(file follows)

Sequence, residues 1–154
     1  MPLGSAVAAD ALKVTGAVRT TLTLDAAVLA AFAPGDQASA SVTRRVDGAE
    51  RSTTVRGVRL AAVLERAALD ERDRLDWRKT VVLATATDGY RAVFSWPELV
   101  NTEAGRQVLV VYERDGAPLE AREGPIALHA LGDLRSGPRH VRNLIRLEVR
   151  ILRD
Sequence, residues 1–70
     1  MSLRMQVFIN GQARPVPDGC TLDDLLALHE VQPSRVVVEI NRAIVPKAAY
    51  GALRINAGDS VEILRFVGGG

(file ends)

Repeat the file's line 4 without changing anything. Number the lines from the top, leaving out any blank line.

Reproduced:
   101  NTEAGRQVLV VYERDGAPLE AREGPIALHA LGDLRSGPRH VRNLIRLEVR